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Dementia of the eye: the role of amyloid beta in retinal degeneration

Dementia of the eye: the role of amyloid beta in retinal degeneration
Dementia of the eye: the role of amyloid beta in retinal degeneration
Age-related macular degeneration (AMD) is one of the most common causes of irreversible blindness affecting nearly 50 million individuals globally. The disease is characterised by progressive loss of central vision, which has significant implications for quality of life concerns in an increasingly ageing population. AMD pathology manifests in the macula, a specialised region of the retina, which is responsible for central vision and perception of fine details. The underlying pathology of this complex degenerative disease is incompletely understood but includes both genetic as well as epigenetic risk factors. The recent discovery that amyloid beta (A?), a highly toxic and aggregate-prone family of peptides, is elevated in the ageing retina and is associated with AMD has opened up new perspectives on the aetiology of this debilitating blinding disease. Multiple studies now link A? with key stages of AMD progression, which is both exciting and potentially insightful, as this identifies a well-established toxic agent that aggressively targets cells in degenerative brains. Here, we review the most recent findings supporting the hypothesis that A? may be a key factor in AMD pathology. We describe how multiple A? reservoirs, now reported in the ageing eye, may target the cellular physiology of the retina as well as associated layers, and propose a mechanistic pathway of A?-mediated degenerative change leading to AMD.
0950-222X
1-14
Ratnayaka, J.A.
002499b8-1a9f-45b6-9539-5ac145799dfd
Serpell, L.C.
2a7e3bc9-35a1-4995-944c-b58995de7803
Lotery, A.J.
5ecc2d2d-d0b4-468f-ad2c-df7156f8e514
Ratnayaka, J.A.
002499b8-1a9f-45b6-9539-5ac145799dfd
Serpell, L.C.
2a7e3bc9-35a1-4995-944c-b58995de7803
Lotery, A.J.
5ecc2d2d-d0b4-468f-ad2c-df7156f8e514

Ratnayaka, J.A., Serpell, L.C. and Lotery, A.J. (2015) Dementia of the eye: the role of amyloid beta in retinal degeneration. Eye, 1-14. (doi:10.1038/eye.2015.100). (PMID:26088679)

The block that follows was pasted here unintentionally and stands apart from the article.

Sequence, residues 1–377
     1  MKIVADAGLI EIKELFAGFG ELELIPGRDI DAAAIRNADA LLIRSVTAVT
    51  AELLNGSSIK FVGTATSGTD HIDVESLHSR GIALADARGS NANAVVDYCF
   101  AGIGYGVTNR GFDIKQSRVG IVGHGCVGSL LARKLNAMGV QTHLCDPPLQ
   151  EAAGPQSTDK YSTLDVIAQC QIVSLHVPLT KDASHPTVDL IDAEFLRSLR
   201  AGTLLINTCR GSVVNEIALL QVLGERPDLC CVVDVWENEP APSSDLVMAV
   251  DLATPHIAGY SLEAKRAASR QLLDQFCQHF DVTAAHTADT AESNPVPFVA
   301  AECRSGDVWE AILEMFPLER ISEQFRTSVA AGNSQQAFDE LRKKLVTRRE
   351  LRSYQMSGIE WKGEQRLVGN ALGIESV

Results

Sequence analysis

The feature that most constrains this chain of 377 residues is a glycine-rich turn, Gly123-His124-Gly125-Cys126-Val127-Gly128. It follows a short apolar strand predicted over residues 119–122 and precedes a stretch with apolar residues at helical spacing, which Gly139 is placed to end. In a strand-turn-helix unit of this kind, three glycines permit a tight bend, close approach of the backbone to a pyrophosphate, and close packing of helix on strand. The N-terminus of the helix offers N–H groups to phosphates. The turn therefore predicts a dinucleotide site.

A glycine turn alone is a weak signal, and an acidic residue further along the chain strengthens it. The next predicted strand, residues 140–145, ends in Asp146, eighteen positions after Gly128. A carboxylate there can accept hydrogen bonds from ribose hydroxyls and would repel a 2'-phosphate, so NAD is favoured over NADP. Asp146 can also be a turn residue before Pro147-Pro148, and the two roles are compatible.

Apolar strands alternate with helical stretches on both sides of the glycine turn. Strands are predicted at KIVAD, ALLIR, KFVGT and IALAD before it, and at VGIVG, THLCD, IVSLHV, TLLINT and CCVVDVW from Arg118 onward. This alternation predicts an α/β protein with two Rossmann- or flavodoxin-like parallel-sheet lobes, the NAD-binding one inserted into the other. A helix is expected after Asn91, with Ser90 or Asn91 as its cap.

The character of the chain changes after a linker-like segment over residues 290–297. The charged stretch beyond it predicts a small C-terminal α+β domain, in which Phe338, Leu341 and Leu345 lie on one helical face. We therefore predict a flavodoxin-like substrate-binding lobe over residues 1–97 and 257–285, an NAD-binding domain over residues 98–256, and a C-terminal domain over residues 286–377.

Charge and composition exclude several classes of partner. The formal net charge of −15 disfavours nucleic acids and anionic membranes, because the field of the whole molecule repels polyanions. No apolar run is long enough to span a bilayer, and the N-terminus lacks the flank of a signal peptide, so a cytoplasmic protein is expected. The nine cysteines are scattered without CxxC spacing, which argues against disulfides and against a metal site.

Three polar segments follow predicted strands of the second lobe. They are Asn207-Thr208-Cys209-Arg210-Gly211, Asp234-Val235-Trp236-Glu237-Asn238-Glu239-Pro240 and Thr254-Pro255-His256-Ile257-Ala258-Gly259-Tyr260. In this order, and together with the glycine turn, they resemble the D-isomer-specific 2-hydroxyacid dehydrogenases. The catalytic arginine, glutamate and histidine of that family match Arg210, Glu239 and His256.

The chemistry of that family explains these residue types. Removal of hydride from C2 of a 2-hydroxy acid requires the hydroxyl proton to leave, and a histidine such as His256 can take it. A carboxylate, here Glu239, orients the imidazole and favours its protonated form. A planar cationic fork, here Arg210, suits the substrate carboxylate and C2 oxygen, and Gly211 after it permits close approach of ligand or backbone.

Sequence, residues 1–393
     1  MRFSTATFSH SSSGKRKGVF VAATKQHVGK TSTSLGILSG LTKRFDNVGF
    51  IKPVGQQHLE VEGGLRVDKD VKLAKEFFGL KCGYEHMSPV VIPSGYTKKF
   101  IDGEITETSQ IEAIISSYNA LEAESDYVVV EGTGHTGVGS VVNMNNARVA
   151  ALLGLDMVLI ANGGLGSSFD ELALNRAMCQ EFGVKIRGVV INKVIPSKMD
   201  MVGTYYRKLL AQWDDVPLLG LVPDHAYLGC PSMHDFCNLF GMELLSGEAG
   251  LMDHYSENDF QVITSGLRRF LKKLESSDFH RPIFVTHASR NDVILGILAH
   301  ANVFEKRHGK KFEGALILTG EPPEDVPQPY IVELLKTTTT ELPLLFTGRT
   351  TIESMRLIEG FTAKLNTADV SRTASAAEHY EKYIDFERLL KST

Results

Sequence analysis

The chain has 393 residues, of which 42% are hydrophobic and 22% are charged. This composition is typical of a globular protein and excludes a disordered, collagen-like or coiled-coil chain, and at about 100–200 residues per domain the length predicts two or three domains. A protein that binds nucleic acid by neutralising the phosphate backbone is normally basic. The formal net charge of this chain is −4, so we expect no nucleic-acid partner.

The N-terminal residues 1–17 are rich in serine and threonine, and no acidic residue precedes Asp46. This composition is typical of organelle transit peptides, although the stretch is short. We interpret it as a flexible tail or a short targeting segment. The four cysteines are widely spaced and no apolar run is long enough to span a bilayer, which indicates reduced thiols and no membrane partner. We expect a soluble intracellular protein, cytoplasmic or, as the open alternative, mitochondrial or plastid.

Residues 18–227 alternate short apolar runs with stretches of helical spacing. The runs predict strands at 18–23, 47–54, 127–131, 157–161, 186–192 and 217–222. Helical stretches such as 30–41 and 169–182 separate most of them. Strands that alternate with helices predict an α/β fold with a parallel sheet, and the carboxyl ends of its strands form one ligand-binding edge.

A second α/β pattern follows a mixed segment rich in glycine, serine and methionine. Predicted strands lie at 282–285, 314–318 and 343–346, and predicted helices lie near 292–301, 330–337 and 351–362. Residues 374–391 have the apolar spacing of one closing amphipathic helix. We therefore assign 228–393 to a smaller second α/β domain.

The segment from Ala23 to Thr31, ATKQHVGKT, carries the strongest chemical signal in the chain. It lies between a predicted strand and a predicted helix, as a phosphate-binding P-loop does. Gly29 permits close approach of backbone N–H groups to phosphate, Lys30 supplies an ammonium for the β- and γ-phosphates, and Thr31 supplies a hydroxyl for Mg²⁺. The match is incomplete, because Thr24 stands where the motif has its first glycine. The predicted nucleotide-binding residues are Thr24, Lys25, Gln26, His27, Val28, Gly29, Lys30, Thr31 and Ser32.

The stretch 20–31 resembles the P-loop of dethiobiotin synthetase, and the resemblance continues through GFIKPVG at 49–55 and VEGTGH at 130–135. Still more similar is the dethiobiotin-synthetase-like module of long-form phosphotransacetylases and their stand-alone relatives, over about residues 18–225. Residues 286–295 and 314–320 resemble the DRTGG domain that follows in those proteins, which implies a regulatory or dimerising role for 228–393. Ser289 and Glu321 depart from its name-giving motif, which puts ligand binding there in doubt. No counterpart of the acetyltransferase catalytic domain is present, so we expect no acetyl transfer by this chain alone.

Record type: Article

Abstract

Age-related macular degeneration (AMD) is one of the most common causes of irreversible blindness affecting nearly 50 million individuals globally. The disease is characterised by progressive loss of central vision, which has significant implications for quality of life concerns in an increasingly ageing population. AMD pathology manifests in the macula, a specialised region of the retina, which is responsible for central vision and perception of fine details. The underlying pathology of this complex degenerative disease is incompletely understood but includes both genetic as well as epigenetic risk factors. The recent discovery that amyloid beta (A?), a highly toxic and aggregate-prone family of peptides, is elevated in the ageing retina and is associated with AMD has opened up new perspectives on the aetiology of this debilitating blinding disease. Multiple studies now link A? with key stages of AMD progression, which is both exciting and potentially insightful, as this identifies a well-established toxic agent that aggressively targets cells in degenerative brains. Here, we review the most recent findings supporting the hypothesis that A? may be a key factor in AMD pathology. We describe how multiple A? reservoirs, now reported in the ageing eye, may target the cellular physiology of the retina as well as associated layers, and propose a mechanistic pathway of A?-mediated degenerative change leading to AMD.

Other
Abeta and AMD Review for Eye journal_Final Version.docx - Accepted Manuscript
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More information

Accepted/In Press date: 23 April 2015
Published date: 19 June 2015
Organisations: Clinical & Experimental Sciences

Identifiers

Local EPrints ID: 379186
URI: https://eprints.soton.ac.uk/id/eprint/379186
ISSN: 0950-222X
PURE UUID: 18251638-bf5a-4f7a-99ed-c293e6d62f46
ORCID for J.A. Ratnayaka: ORCID iD orcid.org/0000-0002-1027-6938
ORCID for A.J. Lotery: ORCID iD orcid.org/0000-0001-5541-4305

Catalogue record

Date deposited: 15 Jul 2015 15:48
Last modified: 31 Jan 2019 01:36

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